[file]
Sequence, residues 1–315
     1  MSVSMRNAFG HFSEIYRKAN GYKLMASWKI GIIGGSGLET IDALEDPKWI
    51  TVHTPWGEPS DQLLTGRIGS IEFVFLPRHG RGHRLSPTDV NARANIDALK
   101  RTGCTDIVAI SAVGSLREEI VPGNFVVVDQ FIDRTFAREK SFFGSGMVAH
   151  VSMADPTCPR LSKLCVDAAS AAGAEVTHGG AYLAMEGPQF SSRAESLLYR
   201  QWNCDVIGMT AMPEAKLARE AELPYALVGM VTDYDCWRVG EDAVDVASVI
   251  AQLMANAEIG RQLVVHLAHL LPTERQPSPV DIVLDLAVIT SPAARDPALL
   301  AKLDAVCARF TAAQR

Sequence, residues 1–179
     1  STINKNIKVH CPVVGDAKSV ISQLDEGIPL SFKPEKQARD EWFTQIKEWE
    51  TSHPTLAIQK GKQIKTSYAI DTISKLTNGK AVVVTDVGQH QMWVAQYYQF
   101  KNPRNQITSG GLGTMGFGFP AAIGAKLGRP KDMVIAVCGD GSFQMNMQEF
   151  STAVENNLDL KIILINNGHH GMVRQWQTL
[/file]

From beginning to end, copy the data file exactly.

Sequence, residues 1–315
     1  MSVSMRNAFG HFSEIYRKAN GYKLMASWKI GIIGGSGLET IDALEDPKWI
    51  TVHTPWGEPS DQLLTGRIGS IEFVFLPRHG RGHRLSPTDV NARANIDALK
   101  RTGCTDIVAI SAVGSLREEI VPGNFVVVDQ FIDRTFAREK SFFGSGMVAH
   151  VSMADPTCPR LSKLCVDAAS AAGAEVTHGG AYLAMEGPQF SSRAESLLYR
   201  QWNCDVIGMT AMPEAKLARE AELPYALVGM VTDYDCWRVG EDAVDVASVI
   251  AQLMANAEIG RQLVVHLAHL LPTERQPSPV DIVLDLAVIT SPAARDPALL
   301  AKLDAVCARF TAAQR

Sequence, residues 1–179
     1  STINKNIKVH CPVVGDAKSV ISQLDEGIPL SFKPEKQARD EWFTQIKEWE
    51  TSHPTLAIQK GKQIKTSYAI DTISKLTNGK AVVVTDVGQH QMWVAQYYQF
   101  KNPRNQITSG GLGTMGFGFP AAIGAKLGRP KDMVIAVCGD GSFQMNMQEF
   151  STAVENNLDL KIILINNGHH GMVRQWQTL